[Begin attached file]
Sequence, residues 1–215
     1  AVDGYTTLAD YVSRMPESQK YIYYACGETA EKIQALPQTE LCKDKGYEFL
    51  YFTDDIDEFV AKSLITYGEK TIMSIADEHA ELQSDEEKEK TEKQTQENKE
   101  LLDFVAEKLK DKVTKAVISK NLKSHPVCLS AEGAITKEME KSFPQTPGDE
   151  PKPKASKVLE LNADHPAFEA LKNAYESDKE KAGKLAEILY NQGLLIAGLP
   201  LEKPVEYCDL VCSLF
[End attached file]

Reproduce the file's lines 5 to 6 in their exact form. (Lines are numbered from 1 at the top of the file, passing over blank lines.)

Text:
   151  PKPKASKVLE LNADHPAFEA LKNAYESDKE KAGKLAEILY NQGLLIAGLP
   201  LEKPVEYCDL VCSLF